U.S. stocks rebound, dollar jumps on jobs, trade

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NEW YORK (Jan 4): U.S. stocks rebounded from Thursday’s rout, the dollar surged and Treasuries fell as a risk-on mood spread across financial markets after American hiring data underscored labour-market strength.

The S&P 500 held advances above 1% after data showed a surge in hiring last month that was accompanied by faster wage growth and an increase in participation. Stocks plunged a day earlier on concern growth was slowing. The 10-year Treasury yield rose back above 2.6% and the dollar firmed against major peers, with investors paring back bets that the Federal Reserve will rush to stop its tightening efforts.

The strong jobs report will likely rekindled the debate over whether the Fed should adopt a full-on dovish stance just a day after factory data weakened by the most since the recession — fueling speculation the central bank might actually cut rates this year. While the jobs report may ease immediate concern that the world’s biggest economy is careening toward a recession, investors are also keeping an eye on a host of other risks.

Trade remains in focus, with mid-level officials from the U.S traveling to China for talks next week just as tariff effects have started to show up in corporate profit warnings. China moved to secure liquidity for its slowing economy, and political drama in Washington persists, with the shutdown showing no signs of resolution.

“The strong December jobs report is a net positive for stocks because investors’ biggest concern has been slowing growth,” said Alec Young, managing director of global markets research at FTSE Russell. “December’s strong job gains help ease that concern. It’s hard to square recession worries with the strongest job growth we’ve seen in years.”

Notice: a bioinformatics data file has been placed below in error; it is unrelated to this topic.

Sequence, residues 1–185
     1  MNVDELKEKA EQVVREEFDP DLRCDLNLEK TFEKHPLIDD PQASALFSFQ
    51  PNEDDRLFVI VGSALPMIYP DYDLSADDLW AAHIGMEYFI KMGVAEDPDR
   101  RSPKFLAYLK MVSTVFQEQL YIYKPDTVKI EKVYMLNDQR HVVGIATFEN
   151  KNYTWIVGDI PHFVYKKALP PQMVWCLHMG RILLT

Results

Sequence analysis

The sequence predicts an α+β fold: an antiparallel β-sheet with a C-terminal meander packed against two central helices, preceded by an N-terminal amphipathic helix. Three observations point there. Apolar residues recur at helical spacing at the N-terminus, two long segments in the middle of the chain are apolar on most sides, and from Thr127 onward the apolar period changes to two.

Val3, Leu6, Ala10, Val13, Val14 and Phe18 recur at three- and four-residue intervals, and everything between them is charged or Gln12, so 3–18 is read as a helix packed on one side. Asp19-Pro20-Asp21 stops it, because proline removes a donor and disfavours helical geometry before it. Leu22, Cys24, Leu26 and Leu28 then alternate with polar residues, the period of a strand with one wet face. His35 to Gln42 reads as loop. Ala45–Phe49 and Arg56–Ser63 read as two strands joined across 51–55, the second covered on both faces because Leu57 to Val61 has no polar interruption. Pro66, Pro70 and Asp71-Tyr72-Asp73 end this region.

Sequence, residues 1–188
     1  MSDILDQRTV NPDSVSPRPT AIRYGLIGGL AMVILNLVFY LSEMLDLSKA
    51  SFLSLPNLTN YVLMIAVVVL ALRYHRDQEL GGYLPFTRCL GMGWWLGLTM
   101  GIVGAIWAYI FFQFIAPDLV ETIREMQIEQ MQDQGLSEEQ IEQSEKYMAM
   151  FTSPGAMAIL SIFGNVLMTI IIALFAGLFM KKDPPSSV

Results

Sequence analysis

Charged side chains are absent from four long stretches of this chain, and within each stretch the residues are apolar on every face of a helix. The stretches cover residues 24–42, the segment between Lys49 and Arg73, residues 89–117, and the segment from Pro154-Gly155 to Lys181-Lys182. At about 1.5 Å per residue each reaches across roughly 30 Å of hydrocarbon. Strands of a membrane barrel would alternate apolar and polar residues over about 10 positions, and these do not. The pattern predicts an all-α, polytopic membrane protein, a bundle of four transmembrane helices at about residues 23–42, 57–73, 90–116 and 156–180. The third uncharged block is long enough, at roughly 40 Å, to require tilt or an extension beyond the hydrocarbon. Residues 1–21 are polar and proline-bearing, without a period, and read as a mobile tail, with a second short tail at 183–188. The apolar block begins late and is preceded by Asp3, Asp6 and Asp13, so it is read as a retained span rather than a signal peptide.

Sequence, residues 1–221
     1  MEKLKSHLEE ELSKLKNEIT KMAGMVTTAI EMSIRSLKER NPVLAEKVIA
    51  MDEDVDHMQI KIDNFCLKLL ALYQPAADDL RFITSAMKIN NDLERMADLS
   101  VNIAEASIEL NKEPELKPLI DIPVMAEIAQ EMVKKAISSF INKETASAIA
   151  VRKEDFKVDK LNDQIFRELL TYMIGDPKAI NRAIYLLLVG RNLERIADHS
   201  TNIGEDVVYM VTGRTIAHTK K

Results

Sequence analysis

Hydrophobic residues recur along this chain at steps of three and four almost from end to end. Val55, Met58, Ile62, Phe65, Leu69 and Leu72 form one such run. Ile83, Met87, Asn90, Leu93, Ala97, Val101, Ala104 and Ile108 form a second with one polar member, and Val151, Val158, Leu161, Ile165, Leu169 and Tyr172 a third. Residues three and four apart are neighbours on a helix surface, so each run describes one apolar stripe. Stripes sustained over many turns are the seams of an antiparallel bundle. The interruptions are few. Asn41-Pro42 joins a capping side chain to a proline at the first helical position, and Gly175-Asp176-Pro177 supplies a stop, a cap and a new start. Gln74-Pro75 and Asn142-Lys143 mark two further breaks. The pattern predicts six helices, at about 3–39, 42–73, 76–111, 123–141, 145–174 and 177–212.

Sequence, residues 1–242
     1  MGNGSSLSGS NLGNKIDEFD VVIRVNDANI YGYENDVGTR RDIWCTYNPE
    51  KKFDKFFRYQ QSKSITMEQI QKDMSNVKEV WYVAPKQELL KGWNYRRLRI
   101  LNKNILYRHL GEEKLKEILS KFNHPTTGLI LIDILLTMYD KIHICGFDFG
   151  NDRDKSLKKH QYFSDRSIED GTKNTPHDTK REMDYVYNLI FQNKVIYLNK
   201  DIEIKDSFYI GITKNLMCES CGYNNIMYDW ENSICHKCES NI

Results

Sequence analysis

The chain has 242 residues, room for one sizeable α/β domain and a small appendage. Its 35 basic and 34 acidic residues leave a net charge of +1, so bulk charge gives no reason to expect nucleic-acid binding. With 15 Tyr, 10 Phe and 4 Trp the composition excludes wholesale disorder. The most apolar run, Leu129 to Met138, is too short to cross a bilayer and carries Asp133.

Friday’s optimism over the economy and trade did little to dent the rout that’s hit global equities in the past month, with major averages off well over 10% from previous highs. Treasury yields that topped 3.2% in November now sit 60 basis points lower as investors reassess the prospects for growth in 2019. Gold has surged to multimonth highs and crude has plunged, adding to angst that demand is flagging.

Here are some events investors may focus on in coming days:

Fed Chair Powell is interviewed with predecessors Janet Yellen and Ben Bernanke at the annual meeting of the American Economic Association Friday. Atlanta Fed President Raphael Bostic joins a panel on long-run macroeconomic performance.

And these are the main moves in markets:


The S&P 500 Index climbed 1.4% as of 9:32 a.m. New York time. The Stoxx Europe 600 Index rose 2% to the highest in more than two weeks on the biggest advance in a week. Germany’s DAX Index surged 1.8% to the highest in two weeks on the biggest jump in more than a month. The MSCI Asia Pacific Index fell 0.2%. The MSCI Emerging Market Index rose 0.9%, the biggest advance in a week.


The Bloomberg Dollar Spot Index rose 0.3%. The euro fell 0.4% to US$1.1353. The British pound was flat at US$1.2626. The Japanese yen decreased 0.8% to 108.483 per dollar.


The yield on 10-year Treasuries climbed eight basis points to 2.64%, the largest increase in more than a week. The two-year rate jumped nine basis points to 2.47%. Germany’s 10-year yield climbed four basis points to 0.196%. The spread of Italy’s 10-year bonds over Germany’s fell two basis points to 2.683 percentage points.


West Texas Intermediate crude climbed 2.3% to US$48.16 a barrel, hitting the highest in more than two weeks with its fifth consecutive advance. Gold futures plunged 0.8% to US$1,284.60 an ounce, the first retreat in more than a week and the biggest dip in two weeks.

U.S. stocks have been choppy, following the worst December since 1931.